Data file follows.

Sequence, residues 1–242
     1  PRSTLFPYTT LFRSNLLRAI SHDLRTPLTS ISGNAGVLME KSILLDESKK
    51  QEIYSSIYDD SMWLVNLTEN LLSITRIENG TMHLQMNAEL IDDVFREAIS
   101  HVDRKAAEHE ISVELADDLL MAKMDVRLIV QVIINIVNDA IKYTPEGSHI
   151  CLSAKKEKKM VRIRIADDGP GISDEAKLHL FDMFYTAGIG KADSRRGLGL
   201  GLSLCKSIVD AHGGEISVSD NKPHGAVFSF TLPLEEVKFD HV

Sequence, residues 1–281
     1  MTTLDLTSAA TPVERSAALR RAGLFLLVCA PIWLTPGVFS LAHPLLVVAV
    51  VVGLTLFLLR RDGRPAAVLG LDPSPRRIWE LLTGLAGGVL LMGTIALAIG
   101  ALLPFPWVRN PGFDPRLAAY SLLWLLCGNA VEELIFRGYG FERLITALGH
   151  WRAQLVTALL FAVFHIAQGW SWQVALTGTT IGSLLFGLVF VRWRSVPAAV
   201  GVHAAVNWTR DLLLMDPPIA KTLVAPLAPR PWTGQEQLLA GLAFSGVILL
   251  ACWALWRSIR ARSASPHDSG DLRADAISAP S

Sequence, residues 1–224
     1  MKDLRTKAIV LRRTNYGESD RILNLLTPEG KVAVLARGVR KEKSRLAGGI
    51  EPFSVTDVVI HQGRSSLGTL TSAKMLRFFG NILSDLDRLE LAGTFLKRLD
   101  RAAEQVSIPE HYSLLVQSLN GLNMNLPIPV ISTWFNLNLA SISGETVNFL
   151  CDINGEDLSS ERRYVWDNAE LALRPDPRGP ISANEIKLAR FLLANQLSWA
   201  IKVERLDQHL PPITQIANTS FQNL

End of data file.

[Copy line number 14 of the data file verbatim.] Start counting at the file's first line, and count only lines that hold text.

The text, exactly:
Sequence, residues 1–224